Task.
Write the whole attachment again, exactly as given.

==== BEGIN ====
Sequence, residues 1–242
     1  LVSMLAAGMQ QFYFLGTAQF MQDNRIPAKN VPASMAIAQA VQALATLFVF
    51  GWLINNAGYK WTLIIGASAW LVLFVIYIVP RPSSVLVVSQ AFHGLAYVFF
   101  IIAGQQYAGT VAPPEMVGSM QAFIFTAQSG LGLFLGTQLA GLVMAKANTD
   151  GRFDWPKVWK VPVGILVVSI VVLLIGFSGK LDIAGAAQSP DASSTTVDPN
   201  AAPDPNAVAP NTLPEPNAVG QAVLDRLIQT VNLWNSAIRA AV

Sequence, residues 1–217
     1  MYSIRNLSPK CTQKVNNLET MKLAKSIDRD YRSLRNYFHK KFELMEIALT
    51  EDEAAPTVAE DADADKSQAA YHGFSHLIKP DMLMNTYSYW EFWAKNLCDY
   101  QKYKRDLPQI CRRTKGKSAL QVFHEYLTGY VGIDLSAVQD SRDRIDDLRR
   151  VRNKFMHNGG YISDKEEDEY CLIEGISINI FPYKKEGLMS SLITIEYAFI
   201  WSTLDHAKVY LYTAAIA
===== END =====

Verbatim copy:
Sequence, residues 1–242
     1  LVSMLAAGMQ QFYFLGTAQF MQDNRIPAKN VPASMAIAQA VQALATLFVF
    51  GWLINNAGYK WTLIIGASAW LVLFVIYIVP RPSSVLVVSQ AFHGLAYVFF
   101  IIAGQQYAGT VAPPEMVGSM QAFIFTAQSG LGLFLGTQLA GLVMAKANTD
   151  GRFDWPKVWK VPVGILVVSI VVLLIGFSGK LDIAGAAQSP DASSTTVDPN
   201  AAPDPNAVAP NTLPEPNAVG QAVLDRLIQT VNLWNSAIRA AV

Sequence, residues 1–217
     1  MYSIRNLSPK CTQKVNNLET MKLAKSIDRD YRSLRNYFHK KFELMEIALT
    51  EDEAAPTVAE DADADKSQAA YHGFSHLIKP DMLMNTYSYW EFWAKNLCDY
   101  QKYKRDLPQI CRRTKGKSAL QVFHEYLTGY VGIDLSAVQD SRDRIDDLRR
   151  VRNKFMHNGG YISDKEEDEY CLIEGISINI FPYKKEGLMS SLITIEYAFI
   201  WSTLDHAKVY LYTAAIA